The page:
Earlier this year, a month after the USMCA went into effect, Trump announced that he would re-impose a 10% tariff on Canadian aluminum. In response, Canadian Prime Minister Justin Trudeau tweeted that Canada would impose countermeasures that would include dollar-for-dollar retaliatory tariffs.

Trudeau tariff tweet

These events could well be history.

“The USMCA is in place, and that is not likely to change. Tariffs are less likely under Biden. Biden is likely to seek allies in international relations and won’t seek to “annoy” Canada,” Lemco said, pointing out that Biden has been mildly supportive of free trade.

“There could be friction on some issues, but by and large, I see trade as being positively impacted,” he said. And many believe that one key area of friction could be the Keystone XL pipeline.

Pipelines Go Poof?
In a nutshell, Joe Biden opposes the pipeline, while Justin Trudeau wants it. 

As Morningstar equity analyst Joe Gemino pointed out, the fate of Canadian pipelines hinged on the U.S. Presidential election. “Energy infrastructure projects have been under fire lately, highlighted by project cancellations, legal challenges, permit denials, and political opposition, with TC Energy's Keystone XL and Enbridge's Line 3 replacement being among the most controversial,” he said.

With the election of Biden, it's almost assured that the Keystone XL pipeline project's presidential permit will be revoked, shelving the project indefinitely. “The Keystone XL also faces opposition from federal lawsuits that question the validity of its permits and challenges to obtaining water crossing permits after Nationwide Permit 12 was ruled invalid for new pipeline projects,” Gemino said.

With the Keystone XL pipeline now almost certainly off the table, there could be some friction between the two countries around it. “It is a very sensitive issue, and it is the one space in which Canada is seen as being more conservative than the U.S.,” Lemco said.

Energy, the Environment and Climate Change
Almost everyone we spoke to agrees that the one winner alongside Biden is the environment. Biden has promised to re-join the Paris Climate Agreement, tweeting on November 4 “Today, the Trump Administration officially left the Paris Climate Agreement. And in exactly 77 days, a Biden Administration will re-join it.”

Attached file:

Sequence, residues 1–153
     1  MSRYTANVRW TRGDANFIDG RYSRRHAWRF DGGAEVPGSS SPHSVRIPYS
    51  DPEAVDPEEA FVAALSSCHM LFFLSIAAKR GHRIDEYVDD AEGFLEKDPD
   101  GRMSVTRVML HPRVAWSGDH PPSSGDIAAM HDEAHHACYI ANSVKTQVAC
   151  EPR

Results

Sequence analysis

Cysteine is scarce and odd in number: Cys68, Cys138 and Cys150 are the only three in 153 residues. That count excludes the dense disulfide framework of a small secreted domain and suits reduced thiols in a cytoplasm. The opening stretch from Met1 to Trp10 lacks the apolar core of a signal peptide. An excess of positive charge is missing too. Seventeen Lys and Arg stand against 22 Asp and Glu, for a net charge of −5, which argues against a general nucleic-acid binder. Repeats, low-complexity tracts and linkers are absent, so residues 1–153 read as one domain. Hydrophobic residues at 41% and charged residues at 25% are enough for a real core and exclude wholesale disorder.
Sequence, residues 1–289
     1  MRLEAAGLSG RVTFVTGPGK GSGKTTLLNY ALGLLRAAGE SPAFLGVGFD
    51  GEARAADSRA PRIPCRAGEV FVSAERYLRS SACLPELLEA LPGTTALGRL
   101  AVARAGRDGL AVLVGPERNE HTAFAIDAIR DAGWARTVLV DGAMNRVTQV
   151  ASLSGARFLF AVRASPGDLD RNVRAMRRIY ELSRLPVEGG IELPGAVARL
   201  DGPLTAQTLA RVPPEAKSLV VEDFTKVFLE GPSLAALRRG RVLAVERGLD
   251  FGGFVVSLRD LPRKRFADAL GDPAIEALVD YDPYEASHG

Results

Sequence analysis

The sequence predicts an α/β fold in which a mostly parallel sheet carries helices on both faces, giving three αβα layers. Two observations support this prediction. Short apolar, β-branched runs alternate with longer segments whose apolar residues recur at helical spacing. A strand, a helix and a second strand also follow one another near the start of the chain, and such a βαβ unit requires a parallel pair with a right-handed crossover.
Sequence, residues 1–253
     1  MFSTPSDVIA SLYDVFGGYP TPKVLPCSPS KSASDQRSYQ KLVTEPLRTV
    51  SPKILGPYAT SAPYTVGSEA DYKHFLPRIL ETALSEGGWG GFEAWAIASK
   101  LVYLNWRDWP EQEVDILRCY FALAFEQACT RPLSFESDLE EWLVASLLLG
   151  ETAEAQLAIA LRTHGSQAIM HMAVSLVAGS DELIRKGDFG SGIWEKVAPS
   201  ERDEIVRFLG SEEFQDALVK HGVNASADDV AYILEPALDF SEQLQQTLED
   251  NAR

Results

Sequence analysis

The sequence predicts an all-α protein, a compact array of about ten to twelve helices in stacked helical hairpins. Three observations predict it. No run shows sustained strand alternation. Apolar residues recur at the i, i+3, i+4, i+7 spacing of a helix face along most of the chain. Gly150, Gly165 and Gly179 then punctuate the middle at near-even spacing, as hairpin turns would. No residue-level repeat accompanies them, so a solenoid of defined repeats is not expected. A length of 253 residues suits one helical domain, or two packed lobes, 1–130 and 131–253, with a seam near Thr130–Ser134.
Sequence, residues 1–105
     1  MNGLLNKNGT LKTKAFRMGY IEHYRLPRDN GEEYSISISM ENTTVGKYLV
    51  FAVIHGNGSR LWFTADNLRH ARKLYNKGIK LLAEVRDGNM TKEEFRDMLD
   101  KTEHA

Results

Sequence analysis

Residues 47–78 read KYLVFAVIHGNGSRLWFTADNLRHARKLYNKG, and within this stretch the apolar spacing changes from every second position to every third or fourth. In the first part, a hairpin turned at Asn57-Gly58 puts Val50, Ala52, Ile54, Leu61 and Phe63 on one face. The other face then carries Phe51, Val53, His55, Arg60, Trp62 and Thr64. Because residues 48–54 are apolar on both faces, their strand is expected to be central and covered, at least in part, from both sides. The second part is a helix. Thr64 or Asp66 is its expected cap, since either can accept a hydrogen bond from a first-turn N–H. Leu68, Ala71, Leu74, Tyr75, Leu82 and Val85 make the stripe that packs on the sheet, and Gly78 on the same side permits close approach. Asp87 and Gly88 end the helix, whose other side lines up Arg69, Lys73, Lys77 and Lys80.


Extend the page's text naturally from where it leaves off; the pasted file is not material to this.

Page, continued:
Biden Paris accord tweet

“There are agreements in the Biden administration that Climate change is man-made, and the new government is likely to take lead from scientists on the issue. We see common ground with Canada there. More importantly, with the bureaucratic seats and positions being filled, Canada will have someone to talk to on climate change,” Lemco said.

Additionally, Biden announced that there will be no more fracking on public land, and less emphasis on coal in the U.S., with the sector getting fewer subsidies. There also will be a greater emphasis on renewable energy.

All of this is seen as being positive.

Not a Panacea
“Overall, the relationship between U.S. and Canada is likely to be more harmonious, and there will likely be a build-up of trust,” Lemco says. However, he warns that this election result is not a magic solution.   

“It is important to remember that this is not a panacea for Canada. Things will certainly get better, but it is important to remember that the U.S. president is not all-powerful. The onus will be on Canadians in Washington, who will have to continue to lobby for Canada’s interest because there will be other countries doing the same for theirs. Frankly, Canada will not be the primary focus of the administration, the focus will continue to be China, Iran and countries that are seen as being threats. Canada is not a threat, and so is often taken for granted,” he said.

Investors should stay the course and see how all of this shakes out. “It is important to have a well-diversified portfolio with a long-term focus. Don’t be reactive, have faith and be emotionally detached in your investments,” Lemco says.

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About Author

Ruth Saldanha

Ruth Saldanha  is Editorial Manager at Morningstar.ca. Follow her on Twitter @KarishmaRuth.